We dickered. We settled on three lumps of rough labradorite for me and a good price—a really good price—for Longworth's sterling silver and labradorite anniversary gift in a design that would be created just for Emily Sue, his longsuffering wife. Once we agreed on a price, Rett threw in several polished cabs of a lovely gray kyanite I could easily use and some freshwater blister pearls in the same shade as the cabochons. Two of the pearls were larger than the pad of my thumb and had a spectacular shape, flat and freeform. Noelle would flip over them. It was nice to know at least one of the rock hounds of my acquaintance wasn't trying to take me to the cleaners.
    Deal concluded, a promissory note for an anniversary gift in Rett's hands, I pulled the backpack to me to add in the twenty pounds of well-wrapped rough and cabs, and unhooked the pack from its strap. I'd done well.
    Pain slammed into me. In a single instant, time snapped and stretched. I lurched, hurled slowly forward across the labradorite. The world tilted. My breath grunted out, a shocked spasm. I caught myself with both hands. Buckets of rough flew, stone and water in the air. A second blow made a one-two punch of pure agony. Piercing pain blossomed from both kidneys. Paralyzing. My knees collapsed. The display table smashed down beneath me. Air shot from my lungs. I had a glimpse of the brown man's face as I twisted in midair and landed on the concrete floor in a puddle of icy water, clattering stones, and a nearly electric misery. I saw a boot coming at me.
    Everett shouted and surged forward. My backpack and canvas tote seemed to hang in midair for a single moment. Then they whipped away. Bodies blurred by pain sped by. Time wrenched back as I curled up on the floor, tried to remember how to breathe, and wondered whose blood was on my hands.
    It was mine.

SUNDAY, 11:42 A.M.

I was patched up in first aid, the big red cross painted on the wall next to the security sign. Spitting mad, I was left sitting on a stretcher in a sterile cubicle, my hand in a bowl of icky-looking brown cleanser instead of me being out on the convention center floor looking for my assailant along with the security officers.
    I was so mad I couldn't pick up anything from anyone around me, even the EMS guy only two feet away. It all was an emotional and mental haze. So much for the St. Claire family gift. Psychics-R-Us had failed me again. As usual, being a receptor for the mental and emotional feedback of others hadn't saved me from danger or prevented bad things from happening.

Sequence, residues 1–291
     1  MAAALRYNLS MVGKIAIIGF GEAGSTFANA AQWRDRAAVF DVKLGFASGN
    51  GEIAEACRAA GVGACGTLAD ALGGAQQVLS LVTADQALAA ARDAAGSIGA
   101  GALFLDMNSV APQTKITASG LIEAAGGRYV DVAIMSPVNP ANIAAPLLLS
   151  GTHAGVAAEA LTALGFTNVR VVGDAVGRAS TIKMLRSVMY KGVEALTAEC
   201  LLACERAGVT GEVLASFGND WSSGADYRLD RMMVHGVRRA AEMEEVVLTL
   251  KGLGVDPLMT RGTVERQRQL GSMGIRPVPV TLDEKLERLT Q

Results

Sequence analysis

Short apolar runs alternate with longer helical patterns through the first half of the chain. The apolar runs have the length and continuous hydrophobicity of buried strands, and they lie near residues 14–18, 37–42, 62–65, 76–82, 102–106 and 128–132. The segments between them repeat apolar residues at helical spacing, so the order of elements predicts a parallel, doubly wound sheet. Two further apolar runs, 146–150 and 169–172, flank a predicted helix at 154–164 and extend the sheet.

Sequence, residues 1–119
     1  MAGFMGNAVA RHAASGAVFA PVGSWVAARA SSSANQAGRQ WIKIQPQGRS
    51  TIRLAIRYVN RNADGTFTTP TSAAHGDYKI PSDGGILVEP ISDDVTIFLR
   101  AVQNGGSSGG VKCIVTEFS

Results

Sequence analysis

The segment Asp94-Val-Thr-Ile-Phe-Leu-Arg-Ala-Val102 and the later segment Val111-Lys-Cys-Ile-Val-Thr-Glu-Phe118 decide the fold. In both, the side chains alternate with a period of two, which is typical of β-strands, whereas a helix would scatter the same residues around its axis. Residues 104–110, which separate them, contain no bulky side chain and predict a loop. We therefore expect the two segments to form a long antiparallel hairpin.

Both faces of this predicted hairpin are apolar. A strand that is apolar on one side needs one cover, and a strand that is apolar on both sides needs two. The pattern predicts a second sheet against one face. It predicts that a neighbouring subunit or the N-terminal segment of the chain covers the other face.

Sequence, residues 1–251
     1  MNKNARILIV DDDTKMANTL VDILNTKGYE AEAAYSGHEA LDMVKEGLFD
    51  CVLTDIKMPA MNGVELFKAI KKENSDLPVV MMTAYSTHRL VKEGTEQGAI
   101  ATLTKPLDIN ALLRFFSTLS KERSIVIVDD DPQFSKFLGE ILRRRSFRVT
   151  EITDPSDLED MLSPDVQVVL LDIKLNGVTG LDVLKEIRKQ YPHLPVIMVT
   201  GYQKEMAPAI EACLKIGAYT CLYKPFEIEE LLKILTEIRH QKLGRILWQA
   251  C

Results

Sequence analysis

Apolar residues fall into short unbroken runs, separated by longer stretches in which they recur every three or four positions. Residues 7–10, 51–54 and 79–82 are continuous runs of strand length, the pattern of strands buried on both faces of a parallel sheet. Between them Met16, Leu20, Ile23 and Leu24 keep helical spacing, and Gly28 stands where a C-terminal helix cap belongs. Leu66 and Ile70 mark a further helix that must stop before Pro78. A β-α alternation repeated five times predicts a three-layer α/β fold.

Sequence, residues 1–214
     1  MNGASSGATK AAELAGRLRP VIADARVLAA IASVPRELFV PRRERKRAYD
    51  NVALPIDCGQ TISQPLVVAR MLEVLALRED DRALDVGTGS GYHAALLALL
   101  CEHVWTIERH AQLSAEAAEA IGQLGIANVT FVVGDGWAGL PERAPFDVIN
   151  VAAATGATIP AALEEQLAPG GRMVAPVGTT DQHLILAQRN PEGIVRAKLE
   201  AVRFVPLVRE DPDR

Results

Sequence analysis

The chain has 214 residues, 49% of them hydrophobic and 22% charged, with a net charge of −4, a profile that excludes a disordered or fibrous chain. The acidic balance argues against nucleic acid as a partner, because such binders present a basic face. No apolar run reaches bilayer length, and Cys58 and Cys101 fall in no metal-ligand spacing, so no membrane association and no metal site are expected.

I'd cut my palm as I fell, most likely on a jagged piece of rough. I didn't tell the EMT that I'd been kidney punched in addition to the flesh wound. He might have made me go to the hospital to pee in a cup, and I figured I could tell all by myself if my urine turned red and bloody.
    The head of security, a pompous off-duty cop with the unlikely name of Tommy Thompson, stepped in from 'reviewing the crime scene' as he'd called it when he slogged out the door ten minutes earlier. "You're lucky, little miss." He wiped his shiny forehead and huffed two quick breaths, winded by the thirty yard walk. "He could have used a knife on you."
    He could have used a bazooka too, I thought, but I didn't say that.
    "I've determined that the in-ci-dent took place in a location not covered by the se-cu-rity cameras. And further, that your backpack and canvas tote are both gone." He spoke as he pulled a form from his desk and started writing. I'd guess detailing his startling observations for posterity.
    "Oh. Really?" I said.
    "You could use a stitch or two," the paramedic on duty said, grinning into my face as if he had read my mind. Now wouldn't that be a change around. "But if it was me, I'd just make do with the butterfly strips, ointment and a bandage, and take it easy."
    "I'll take the latter."
    "Your call." He gathered supplies and dried the icky-looking stuff off my hand prior to applying butterfly bandages. I hissed a breath when he pulled the first weird looking adhesive strip across my flesh and closed the wound. It hurt like heck. The second strip wasn't any less painful.
    "You had seen the man several times today, you said?" Tommy asked, dropping his bulk into a tired-looking chair and peering up at me from under his brows. When I nodded, he said, "And all you can tell me is he was medium height, medium weight, and brown. Wonder why you didn't report him to the se-cu-rity department? That's what I'm wondering."